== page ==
I bought the bin
from Oneida since it was the ideal size (a low height yet it still has
a pretty decent capacity (35 gallon)), its top was self-sealing, it
was cheap, and there was free shipping from Oneida. I cut a hole in
the top myself. I used a 6" starter collar, cut tabs in it, riveted
it into place, and sealed it up tight with epoxy.
mounted to motor mounting board.
Note that all bolt heads are recessed.
The motor was mounted
to the motor-mounting board first (see blower page), and the hole where
the arbor pokes through was sealed with silicone.
As the pictures
show, originally the motor-mounting board was attached to two 2x4's
in the rafters. The bolts that mounted this board to the 2x4's had to
be recessed since the top of the blower housing would sandwich right
up against this board (see picture above). The motor mounting board
was connected to the 2x4's in the rafters with four 3/8" bolts and 8
nuts for safety sake (don't want these things vibrating loose). I bought
8 anti-vibration pads from McMaster-Carr, drilled 3/8" holes in them,
sandwiched one between the motor mounting board and the 2x4's, and put
one on top of the 2x4's between them and the 3/8" nut/washer that pulls
the motor mounting board up tight against the 2x4's. The idea was to
make a break in the wood-wood and metal-wood connections, which would
help isolate vibration and keep it out of the rafters.
mounted to motor in rafters.
The space between the plywood and
is from the anti-vibration pads
Then, the impeller
was slipped over the bushing and tightened in place (with lock-tite
on the set screws) about 1" below the surface of the motor board. This
would put it right where it needed to be in the blower housing.
heads of screws that attach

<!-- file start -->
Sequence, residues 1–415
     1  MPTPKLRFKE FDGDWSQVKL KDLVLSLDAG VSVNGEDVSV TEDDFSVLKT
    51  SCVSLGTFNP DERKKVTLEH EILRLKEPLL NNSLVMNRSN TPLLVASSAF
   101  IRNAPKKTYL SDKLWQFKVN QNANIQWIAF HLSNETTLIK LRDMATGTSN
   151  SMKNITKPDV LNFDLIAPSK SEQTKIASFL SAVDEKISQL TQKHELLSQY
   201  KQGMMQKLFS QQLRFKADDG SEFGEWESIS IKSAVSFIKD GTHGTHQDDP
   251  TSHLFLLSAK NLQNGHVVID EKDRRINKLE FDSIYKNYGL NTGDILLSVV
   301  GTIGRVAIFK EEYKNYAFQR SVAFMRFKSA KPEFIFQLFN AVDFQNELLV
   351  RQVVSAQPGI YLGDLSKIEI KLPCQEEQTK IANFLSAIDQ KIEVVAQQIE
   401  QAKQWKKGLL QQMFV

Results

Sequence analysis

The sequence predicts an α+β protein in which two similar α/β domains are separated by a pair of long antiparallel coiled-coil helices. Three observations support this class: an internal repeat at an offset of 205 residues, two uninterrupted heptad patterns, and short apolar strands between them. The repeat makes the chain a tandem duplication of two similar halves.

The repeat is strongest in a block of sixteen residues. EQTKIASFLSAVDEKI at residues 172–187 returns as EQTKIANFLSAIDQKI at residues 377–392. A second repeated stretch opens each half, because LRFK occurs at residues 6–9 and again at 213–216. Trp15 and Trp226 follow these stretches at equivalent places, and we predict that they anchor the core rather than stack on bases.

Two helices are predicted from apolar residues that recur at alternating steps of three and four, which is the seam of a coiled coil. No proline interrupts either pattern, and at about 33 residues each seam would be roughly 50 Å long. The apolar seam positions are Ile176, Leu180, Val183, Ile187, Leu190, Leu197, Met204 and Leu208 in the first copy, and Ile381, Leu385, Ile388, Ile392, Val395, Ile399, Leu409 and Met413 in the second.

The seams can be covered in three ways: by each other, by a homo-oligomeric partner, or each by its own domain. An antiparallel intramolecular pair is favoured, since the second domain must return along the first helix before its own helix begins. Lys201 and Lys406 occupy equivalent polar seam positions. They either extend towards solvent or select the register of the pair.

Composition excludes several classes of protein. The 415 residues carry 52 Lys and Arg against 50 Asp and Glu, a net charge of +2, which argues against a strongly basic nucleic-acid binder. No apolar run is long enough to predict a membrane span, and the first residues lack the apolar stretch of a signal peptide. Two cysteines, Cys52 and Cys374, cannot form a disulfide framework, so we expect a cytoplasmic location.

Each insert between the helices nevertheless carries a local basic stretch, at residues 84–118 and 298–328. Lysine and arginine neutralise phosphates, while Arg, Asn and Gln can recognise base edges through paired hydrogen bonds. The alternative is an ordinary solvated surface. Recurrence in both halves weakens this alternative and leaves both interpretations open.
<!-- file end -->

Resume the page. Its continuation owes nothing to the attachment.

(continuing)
blower housing to top of cyclone.
Since I had a 14½" diameter access hole on top of the blower, I first attached the circular
piece of plywood within the top of the cyclone with screws from the
outside. Then, I set the blower on top of the cyclone making sure the
outlet pipe in the cyclone lined up with the blower inlet, and that
the bottom of the blower sat flat on the top of the cyclone. I screwed
from the top down - through the bottom of the blower to the top of the
cyclone - since this was easy to do through the 14 ½" access hole. I
put a bead of silicone around the outside of the cyclone cylinder where
it meets the blower housing.
foam on top of blower housing
to seal against motor mounting board
Finally, I bought
50' of ½" foam strip that is about 3/8" thick before compression from
McMaster-Carr. I put a circle of this around the 14 ½" diameter hole
that would compress up against the motor-mounting board and seal that
joint, yet still allow it to be taken apart. You can see this piece
of foam in the picture of the blower on top of the cyclone. At this
point, the blower/cyclone assembly was bolted to the motor mounting
board with four 3/8" bolts and fender washers. These bolts were
tightened well enough to significantly compress the foam on top of the
the dust collector was turned on for the first time, I discovered that
the anti-vibration pads were utterly useless. They reduced vibration
slightly to be sure, but the entire area around the dust collector vibrated
like crazy when this thing was on. The master bedroom is located right
above the shop, so this would not do.
I pondered making
a big stand and mounting the whole thing right to the cement floor.
This would interfere with emptying the bin, however. So, I decided to
fashion wall hangers out of angle iron. This would allow me to bolt
the unit to the poured basements walls, which would eliminate vibration
in the rafters above and diminish the overall cacophonic sound this
unit sends through the house. See the discussion below for details on
the Second Installation.
Once the cyclone